I'm an iOS engineer and a ninja as well.

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The release of Swift 5.1 brought some useful polish to the language with minimal source breaking changes. Some of the bigger improvements like property wrappers and ordered collection diffing take some time to get your head around. Luckily there are also some quick hits that you can start using today.

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One of Swift’s greatest features, and one of my favorites, are enums with associated values. The language itself uses them for its fundamentals, like Optional<T>, which either has a .some(T) or is .none. Another example is the new since Swift 5 Result<T, E>, which either contains a .success(T) or a .failure(E) case. In this post, we will go over cases (no pun intended) where an enum is more suitable than a struct or class, and also learn how one can make enums with associated values conform to Codable, achieving a better and safer usage of these data representations when they need to be encoded and decoded. You can scroll to the end of the post to get the final playground.

Enums with associated values make sense when a type may hold only one value, instead of two or more optional values. A classic example for Result is a network operation, which might return either an error or an object. They never should be nil or not be nil simultaneously: when one is nil, the other should exist.

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//in this case, the caller must check for nil for both values
func issueRequest<T>(_ request: URLRequest, completion: @escaping (T?, Error?) -> Void)

//here, however, it will be either .success or .failure
func issueRequest<T>(_ request: URLRequest, completion: @escaping (Result<T, Error>) -> Void)
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Enums are one of the most powerful features of Swift language. It forms Value-Oriented Programming in conjunction with Structs. Enum is the best way to describe the exclusive state in Swift, but what about the case when you need an inclusive state. Today we will talk about OptionSet protocol and how we can achieve inclusive states with it.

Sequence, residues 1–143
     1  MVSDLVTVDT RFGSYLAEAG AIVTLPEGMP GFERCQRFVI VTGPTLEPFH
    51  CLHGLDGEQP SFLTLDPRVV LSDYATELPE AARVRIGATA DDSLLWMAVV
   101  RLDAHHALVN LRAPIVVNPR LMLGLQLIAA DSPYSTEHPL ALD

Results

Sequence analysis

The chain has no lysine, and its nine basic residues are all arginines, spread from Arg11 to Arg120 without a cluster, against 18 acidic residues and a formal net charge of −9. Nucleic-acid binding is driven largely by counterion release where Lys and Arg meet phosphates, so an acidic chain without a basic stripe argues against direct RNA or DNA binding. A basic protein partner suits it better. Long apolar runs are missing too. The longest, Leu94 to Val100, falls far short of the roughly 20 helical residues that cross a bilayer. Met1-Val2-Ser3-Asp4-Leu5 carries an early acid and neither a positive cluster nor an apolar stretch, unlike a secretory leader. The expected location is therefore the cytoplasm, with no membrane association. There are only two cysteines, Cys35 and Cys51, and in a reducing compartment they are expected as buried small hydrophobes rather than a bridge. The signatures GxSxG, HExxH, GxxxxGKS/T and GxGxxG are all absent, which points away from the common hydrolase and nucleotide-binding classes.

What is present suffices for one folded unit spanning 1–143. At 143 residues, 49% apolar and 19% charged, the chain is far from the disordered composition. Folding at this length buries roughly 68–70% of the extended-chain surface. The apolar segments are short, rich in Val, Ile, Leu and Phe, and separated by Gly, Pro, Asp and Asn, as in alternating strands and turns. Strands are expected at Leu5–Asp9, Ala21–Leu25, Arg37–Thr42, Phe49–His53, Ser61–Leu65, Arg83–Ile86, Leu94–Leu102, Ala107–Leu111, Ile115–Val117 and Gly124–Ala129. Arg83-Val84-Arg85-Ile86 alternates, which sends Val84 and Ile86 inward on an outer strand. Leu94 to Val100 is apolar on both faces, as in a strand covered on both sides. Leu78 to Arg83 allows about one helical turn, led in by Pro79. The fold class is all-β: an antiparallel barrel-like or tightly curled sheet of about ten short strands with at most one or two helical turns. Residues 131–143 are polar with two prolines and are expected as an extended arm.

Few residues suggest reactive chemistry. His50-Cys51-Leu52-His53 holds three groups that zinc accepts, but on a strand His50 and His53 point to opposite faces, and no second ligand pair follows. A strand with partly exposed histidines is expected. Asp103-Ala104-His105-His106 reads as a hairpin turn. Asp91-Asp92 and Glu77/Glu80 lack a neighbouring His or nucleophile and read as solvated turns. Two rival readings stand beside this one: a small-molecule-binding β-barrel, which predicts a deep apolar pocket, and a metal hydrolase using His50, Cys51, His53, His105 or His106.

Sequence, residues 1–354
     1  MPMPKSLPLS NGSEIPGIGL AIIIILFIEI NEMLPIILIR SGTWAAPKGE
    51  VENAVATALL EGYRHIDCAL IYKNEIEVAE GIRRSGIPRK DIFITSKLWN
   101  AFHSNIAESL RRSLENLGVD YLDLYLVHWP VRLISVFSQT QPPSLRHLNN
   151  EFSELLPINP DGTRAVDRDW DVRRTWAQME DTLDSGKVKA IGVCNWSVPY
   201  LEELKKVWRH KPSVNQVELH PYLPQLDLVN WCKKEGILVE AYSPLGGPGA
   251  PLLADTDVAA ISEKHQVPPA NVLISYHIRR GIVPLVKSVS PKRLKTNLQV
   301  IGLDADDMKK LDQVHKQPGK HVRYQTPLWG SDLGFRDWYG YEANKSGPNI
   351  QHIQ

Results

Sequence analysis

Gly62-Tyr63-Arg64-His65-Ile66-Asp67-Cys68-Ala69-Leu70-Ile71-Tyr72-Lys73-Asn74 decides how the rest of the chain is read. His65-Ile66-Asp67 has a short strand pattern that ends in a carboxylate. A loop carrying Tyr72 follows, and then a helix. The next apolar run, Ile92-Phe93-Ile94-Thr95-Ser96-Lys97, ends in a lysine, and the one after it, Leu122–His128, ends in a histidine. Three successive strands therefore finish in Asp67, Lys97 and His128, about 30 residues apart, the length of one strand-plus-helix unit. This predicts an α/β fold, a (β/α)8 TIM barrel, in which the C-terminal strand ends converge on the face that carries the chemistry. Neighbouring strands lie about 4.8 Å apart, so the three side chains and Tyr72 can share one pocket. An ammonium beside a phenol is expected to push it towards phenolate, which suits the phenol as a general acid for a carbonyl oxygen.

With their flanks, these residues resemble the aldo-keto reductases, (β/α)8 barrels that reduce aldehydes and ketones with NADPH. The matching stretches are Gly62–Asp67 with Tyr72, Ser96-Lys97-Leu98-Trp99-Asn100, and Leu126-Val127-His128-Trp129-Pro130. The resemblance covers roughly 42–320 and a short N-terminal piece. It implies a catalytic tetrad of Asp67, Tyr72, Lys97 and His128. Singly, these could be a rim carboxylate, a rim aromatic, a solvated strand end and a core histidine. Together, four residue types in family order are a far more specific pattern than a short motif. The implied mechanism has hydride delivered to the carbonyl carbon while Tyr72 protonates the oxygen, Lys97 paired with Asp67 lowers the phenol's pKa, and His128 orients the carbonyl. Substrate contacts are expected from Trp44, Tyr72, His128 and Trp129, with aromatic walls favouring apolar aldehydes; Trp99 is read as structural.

Exclusive Enums

Assume that we have some HistoryFetcher class, which can fetch data from a cache or make a network request or both of them. Let’s start with describing very simple source enum.

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enum FetchSource {
case memory
case disk
case remote
case cache
case all
}
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How do you tell if a string is empty in Swift? That depends on what you mean by “empty”. You might mean a string with zero length, or maybe also an optional string that is nil. What about a “blank” string that only contains whitespace. Let’s see how to test for each of those conditions with Swift.

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We usually use the class keyword to define a class only protocol in the normal way.

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protocol DetailViewControllerDelegate: class {
func didFinishTask(sender: DetailViewController)
}
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You are using third-party tools like CocoaPods, Cathage, SPM or just having some useful script files for your project. It’s fine!

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For the longest time I just used “po” in lldb to examine objects but “e” just adds a whole new level to debugging !

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⌃⌥⌘U shortcut does different things depending on the current cursor location:

  • inside a test method: runs this single test method
  • inside an XCTestCase subclass but outside of any method: runs all tests in the class
  • Run last test case before: ⌃⌥⌘G
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Passing data from one view controller to another view controller using Notification Center is an easy way when compared to delegate protocols.

Here we need add observer or listeners for getting new data to load. First we need to send data using post notification method.

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